Add into the mix a greater interest in anti-ageing, sports and fitness, and boosting vitality and immunity, and it’s not hard to see why South East Asia’s most developed market is frequently used by firms as a stepping stone to wider regional expansion.
But which products are flying off the shelves and which are those that are rapidly falling out of favour?
Using data presented at a Blackmores Institute symposium by Joy Chong, principal clinical pharmacist at Watson’s Singapore, we present some of Singapore’s most noteworthy product trends.
Essential to cognitive function?
Essence of chicken, Singapore’s most popular tonic drink, has seen constantly rising sales. It has long been touted to enhance cognitive performance and fight mental fatigue, and remains a favourite among many students and working adults.
Although studies assessing the joint-enhancing effects of glucosamine may vary, it is the fastest-growing supplement in Singapore. The country’s ageing population has largely contributed to this uptick, but glucosamine is also becoming more popular among physically active young adults.
Increased awareness of the importance of intestinal microbiota has led to more probiotic products being sold in Singapore, although most major manufacturers concede there is still more to be done to educate consumers.
An increasing body of research suggesting that the benefits of probiotics extend far beyond gut health, along with their positive safety profile, indicates this sector is well positioned for future growth.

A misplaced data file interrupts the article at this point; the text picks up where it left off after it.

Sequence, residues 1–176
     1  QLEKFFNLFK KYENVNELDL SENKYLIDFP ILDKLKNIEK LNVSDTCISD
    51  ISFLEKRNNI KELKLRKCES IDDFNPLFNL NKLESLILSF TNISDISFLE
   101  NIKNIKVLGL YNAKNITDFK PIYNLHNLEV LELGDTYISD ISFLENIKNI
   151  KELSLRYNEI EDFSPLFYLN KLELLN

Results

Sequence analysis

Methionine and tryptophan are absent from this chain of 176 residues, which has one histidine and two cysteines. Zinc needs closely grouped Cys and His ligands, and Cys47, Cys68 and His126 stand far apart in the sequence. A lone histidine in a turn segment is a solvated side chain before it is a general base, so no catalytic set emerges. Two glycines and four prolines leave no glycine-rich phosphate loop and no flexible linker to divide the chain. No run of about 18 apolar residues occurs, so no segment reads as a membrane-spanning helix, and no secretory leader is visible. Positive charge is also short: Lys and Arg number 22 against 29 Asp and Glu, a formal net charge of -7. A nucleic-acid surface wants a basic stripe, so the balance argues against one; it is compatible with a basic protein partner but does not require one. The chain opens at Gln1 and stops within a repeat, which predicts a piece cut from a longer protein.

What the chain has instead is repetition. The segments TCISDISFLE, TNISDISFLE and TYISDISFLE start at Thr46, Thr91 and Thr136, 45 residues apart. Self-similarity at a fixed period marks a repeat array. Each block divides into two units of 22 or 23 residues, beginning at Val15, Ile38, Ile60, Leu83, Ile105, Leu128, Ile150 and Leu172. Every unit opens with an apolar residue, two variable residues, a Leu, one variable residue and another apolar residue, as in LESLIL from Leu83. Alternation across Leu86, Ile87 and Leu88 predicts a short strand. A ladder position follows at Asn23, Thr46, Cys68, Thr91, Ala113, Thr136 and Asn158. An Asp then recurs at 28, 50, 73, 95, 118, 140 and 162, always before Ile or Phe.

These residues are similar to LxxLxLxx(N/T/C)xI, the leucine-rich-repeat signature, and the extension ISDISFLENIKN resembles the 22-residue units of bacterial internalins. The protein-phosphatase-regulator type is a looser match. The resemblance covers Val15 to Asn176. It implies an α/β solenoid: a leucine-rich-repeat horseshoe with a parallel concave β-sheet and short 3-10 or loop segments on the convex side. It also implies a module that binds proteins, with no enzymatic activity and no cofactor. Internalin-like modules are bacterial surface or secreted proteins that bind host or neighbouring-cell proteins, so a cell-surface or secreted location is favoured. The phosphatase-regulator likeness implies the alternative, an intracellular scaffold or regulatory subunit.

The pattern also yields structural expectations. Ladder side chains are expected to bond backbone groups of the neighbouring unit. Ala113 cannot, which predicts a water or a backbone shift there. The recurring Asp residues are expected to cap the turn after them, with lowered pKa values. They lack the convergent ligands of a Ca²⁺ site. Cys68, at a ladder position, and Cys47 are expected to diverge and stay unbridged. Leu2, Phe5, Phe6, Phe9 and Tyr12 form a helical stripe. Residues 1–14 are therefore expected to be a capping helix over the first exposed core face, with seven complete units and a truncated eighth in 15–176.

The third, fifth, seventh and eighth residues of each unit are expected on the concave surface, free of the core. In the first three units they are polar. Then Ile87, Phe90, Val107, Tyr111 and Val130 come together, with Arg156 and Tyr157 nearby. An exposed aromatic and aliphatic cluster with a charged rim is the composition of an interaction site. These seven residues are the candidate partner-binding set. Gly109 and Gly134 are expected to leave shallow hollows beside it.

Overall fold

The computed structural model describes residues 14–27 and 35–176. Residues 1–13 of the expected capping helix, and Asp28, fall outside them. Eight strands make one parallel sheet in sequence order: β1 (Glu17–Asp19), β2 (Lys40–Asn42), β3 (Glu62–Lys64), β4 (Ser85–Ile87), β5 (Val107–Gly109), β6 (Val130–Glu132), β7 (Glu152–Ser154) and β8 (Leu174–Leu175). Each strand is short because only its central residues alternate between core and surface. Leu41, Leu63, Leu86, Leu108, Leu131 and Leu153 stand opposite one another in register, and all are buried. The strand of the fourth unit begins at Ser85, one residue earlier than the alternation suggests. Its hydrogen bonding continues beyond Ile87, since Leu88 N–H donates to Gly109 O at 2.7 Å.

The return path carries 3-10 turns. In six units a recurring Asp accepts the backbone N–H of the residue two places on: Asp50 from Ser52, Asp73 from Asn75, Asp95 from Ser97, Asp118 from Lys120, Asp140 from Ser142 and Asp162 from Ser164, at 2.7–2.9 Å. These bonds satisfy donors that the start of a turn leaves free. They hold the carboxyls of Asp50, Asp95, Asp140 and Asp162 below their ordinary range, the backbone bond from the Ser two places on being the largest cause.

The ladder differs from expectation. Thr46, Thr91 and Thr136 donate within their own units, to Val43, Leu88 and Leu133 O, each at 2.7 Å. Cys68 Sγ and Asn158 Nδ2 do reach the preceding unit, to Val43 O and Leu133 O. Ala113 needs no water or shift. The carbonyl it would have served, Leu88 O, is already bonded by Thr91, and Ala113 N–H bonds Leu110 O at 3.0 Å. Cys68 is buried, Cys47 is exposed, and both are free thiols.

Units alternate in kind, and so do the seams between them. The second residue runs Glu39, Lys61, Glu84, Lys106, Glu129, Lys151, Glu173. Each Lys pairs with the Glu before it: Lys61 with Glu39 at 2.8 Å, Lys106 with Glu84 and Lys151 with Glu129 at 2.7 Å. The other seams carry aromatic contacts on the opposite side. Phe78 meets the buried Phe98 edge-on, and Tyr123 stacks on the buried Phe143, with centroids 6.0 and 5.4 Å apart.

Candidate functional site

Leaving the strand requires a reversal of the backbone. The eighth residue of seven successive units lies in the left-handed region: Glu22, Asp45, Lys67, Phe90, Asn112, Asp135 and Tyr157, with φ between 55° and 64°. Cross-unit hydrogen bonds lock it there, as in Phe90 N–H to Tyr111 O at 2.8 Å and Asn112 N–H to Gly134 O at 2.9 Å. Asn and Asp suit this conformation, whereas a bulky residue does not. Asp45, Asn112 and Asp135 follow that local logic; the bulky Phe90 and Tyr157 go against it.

Multivitamins and minerals have remained popular, but are increasingly being given an added twist. Products added with wholefoods like flaxseed, chia seed, plant sterols and wheatgrass are selling more, gaining a commercial edge over synthetic vitamins.
In Singapore, women are the main buyers of multivitamins, thanks to their growing spending power and tendency to be more conscious of their health and appearance. Furthermore, Singapore’s ageing population has led to them gaining traction among the elderly, while more parents are also buying them for their children.
Greater health consciousness has seen more consumers pursue active lifestyles, with many joining gyms and engaging in sports more regularly. This has led to an increase in sports nutrition products on the market, with nutritional drinks proving especially popular, mainly because of growing concerns about preservatives, additives, sugar, colouring and fillers used in some supplements.
The idea of beauty from within has become more widespread in Singapore in recent years, and increased spending power, coupled with targeted marketing strategies, has resulted in higher spending on products that are believed to help improve physical appearance.
Research advances based on marine collagen peptides has filtered down into many of Singapore’s most sought after supplements in the space, where they are often combined with antioxidants in some of the most popular health- and beauty-enhancing products, such as green tea and vitamins C and E.
Other products, such as collagen drinks and oral sunblock, are also fast gaining popularity among consumers.
Still scoring high Cs
Last but not least, the popularity of Vitamin C shows no sign of abating in Singapore, due to its longstanding reputation as the go-to vitamin for improving the immune system.
Consumers are also receptive to new product innovation around vitamin C, with Singapore’s pharmacy and supermarket shelves home to a growing variety of formulations and flavours.
Proving the old adage of what goes up must come down, there are a number of supplements which appear to be failing to achieve the sales in Singapore they once did. These include açaí berry, garlic, resveratrol, evening primrose oil and St John’s Wort.
The future? Ageing innovation
Singapore’s ageing population will continue to fuel supplements innovation, especially around products targeting specific age-related health concerns, such as eye health (macular degeneration, dry eyes), bone health (osteoarthritis, osteoporosis), cardiovascular health (hypertension, hyperlipidemia) and digestive health (constipation).